Ofgem – who are they and what do they do?
Ofgem stands for the Office of Gas and Electricity Markets and it is the government department given the task of regulating the gas and electricity markets.
Ofgem’s key concerns and priorities therefore involve protecting consumers by ensuring that they are not being taken advantage of by energy suppliers. It will also attempt to ensure that a certain amount of the profits made by the energy companies will pay for the safe supply of energy and that greenhouse gases are reduced as much as possible.
Problems Ofgem faces
One particular problem that Ofgem faces is its lack of power to change the behaviour of certain energy companies. Whilst Ofgem can publish figures suggesting whether they believe the public are being ripped off by any price rises and assert that people should shop around between energy companies in order to create more competition over pricing, they actually have very little power in terms of forcing energy companies to do anything. Whilst energy companies have been forced through several acts of Parliament to offer cheaper energy to certain vulnerable sectors of society (though this is usually highly subsidised) by the Government, it does not actually have the power to fix prices and therefore there have been many accusations that its powers are far too limited.
Following much criticism, Ofgem has chosen to use the tactic of publishing what it believes the costs are to the energy companies and therefore the profits that they are making. This tactic is used as they continue to try to encourage people to be aware of their options in switching energy suppliers in a bid to increase competition. Although many of the companies have to release their profit figures, as they are listed companies, there is often much debate about the true costs that the suppliers have had to encounter and this is where Ofgem is supposed to provide an impartial view to the general public.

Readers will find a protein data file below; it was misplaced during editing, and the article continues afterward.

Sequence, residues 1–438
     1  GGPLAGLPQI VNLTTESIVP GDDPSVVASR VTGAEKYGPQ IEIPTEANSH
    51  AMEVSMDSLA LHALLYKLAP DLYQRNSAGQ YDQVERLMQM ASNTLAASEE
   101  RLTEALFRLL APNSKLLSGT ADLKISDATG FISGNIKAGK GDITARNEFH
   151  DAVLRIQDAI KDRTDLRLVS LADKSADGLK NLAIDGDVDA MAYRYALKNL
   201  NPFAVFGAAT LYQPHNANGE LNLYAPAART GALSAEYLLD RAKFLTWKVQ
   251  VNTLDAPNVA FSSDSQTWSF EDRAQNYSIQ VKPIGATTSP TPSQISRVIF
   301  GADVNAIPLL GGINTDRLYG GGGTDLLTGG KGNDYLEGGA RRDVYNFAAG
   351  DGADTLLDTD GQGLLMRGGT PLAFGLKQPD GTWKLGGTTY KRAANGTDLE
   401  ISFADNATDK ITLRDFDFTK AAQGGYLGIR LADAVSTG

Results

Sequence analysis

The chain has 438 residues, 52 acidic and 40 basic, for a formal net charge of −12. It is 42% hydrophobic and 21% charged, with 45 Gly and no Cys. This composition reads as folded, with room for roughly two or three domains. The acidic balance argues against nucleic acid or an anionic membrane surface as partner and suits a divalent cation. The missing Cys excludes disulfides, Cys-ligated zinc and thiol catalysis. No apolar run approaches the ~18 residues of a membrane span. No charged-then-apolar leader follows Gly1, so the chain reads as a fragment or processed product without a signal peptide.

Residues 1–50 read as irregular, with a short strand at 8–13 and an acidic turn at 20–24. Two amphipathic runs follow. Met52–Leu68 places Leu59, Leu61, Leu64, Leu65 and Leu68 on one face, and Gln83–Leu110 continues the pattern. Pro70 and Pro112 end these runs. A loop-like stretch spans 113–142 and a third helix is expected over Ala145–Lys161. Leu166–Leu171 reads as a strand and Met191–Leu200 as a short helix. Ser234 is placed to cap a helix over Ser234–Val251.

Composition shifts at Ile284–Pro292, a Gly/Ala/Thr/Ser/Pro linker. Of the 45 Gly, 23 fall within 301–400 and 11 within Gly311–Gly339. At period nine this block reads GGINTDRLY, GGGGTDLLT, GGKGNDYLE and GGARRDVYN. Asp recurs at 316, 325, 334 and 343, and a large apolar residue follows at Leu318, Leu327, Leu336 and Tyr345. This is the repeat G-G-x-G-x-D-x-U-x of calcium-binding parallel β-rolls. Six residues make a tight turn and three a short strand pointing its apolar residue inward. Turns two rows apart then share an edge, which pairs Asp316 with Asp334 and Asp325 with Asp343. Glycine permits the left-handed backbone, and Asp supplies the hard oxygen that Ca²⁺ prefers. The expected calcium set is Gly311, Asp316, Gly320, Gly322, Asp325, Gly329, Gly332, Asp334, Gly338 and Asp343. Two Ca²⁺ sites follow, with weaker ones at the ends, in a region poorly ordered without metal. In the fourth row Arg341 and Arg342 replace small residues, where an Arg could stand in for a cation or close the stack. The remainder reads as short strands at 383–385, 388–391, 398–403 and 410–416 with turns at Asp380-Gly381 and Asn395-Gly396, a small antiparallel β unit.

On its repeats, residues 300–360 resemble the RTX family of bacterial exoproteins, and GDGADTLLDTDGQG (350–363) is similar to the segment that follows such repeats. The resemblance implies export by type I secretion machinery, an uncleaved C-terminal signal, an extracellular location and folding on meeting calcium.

Making a complaint
If you have a complaint about your gas or electricity supplier you should try to resolve the matter with the company in question first. All suppliers should have their own internal complaints procedures which may well be able to deal with your concerns and compensate you for any loss you may have suffered. It is particularly beneficial to try to complain internally before you attempt to contact an external organisation nowadays, as the freedom to switch gas and electricity suppliers has increased certainly in terms of awareness; companies are therefore more prepared to deal with your complaints in order to try to stop you switching supplier and thus losing your business.
Another reason to ensure your complaint is dealt with internally before you look to complain to an external organisation is the fact that the Energy Ombudsman, who will look at your complaint if it has not been dealt with successfully by the company concerned, will not help you unless you have attempted to deal with the company first. It is worth noting that you should not complain directly to Ofgem, who deal with how the market is actually regulated rather than specific instances between the company and the consumer.